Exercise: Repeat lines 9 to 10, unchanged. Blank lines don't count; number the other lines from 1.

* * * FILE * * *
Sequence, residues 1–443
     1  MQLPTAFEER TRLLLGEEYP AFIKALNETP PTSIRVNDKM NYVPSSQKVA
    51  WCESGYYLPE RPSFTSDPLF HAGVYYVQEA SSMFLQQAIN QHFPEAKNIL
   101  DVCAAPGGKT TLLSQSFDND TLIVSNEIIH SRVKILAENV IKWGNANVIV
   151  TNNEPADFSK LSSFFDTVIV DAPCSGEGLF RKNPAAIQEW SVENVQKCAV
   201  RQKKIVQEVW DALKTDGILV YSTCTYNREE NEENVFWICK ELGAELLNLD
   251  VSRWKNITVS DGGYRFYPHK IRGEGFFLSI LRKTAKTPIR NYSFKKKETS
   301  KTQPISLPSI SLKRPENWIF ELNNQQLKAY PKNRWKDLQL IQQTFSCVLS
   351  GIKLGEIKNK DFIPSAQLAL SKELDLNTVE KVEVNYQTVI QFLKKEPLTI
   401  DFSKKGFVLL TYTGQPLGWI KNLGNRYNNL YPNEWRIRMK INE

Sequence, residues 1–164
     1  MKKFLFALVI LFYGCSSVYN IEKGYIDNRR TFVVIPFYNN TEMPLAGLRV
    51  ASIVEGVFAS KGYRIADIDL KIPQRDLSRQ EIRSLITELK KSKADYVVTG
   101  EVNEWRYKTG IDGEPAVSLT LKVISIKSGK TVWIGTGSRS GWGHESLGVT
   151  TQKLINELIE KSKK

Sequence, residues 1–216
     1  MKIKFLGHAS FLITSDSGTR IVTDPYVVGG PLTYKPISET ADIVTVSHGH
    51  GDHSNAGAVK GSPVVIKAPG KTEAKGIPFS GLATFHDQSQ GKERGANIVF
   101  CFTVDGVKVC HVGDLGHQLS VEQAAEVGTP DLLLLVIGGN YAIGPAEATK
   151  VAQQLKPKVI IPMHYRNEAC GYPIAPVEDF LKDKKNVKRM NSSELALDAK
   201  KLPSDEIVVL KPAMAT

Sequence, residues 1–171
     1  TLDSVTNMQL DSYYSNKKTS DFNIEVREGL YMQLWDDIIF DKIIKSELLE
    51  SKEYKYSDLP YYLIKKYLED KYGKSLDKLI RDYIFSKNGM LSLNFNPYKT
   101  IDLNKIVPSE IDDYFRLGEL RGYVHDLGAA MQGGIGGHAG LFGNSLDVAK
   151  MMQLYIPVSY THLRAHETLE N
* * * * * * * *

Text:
   351  GIKLGEIKNK DFIPSAQLAL SKELDLNTVE KVEVNYQTVI QFLKKEPLTI
   401  DFSKKGFVLL TYTGQPLGWI KNLGNRYNNL YPNEWRIRMK INE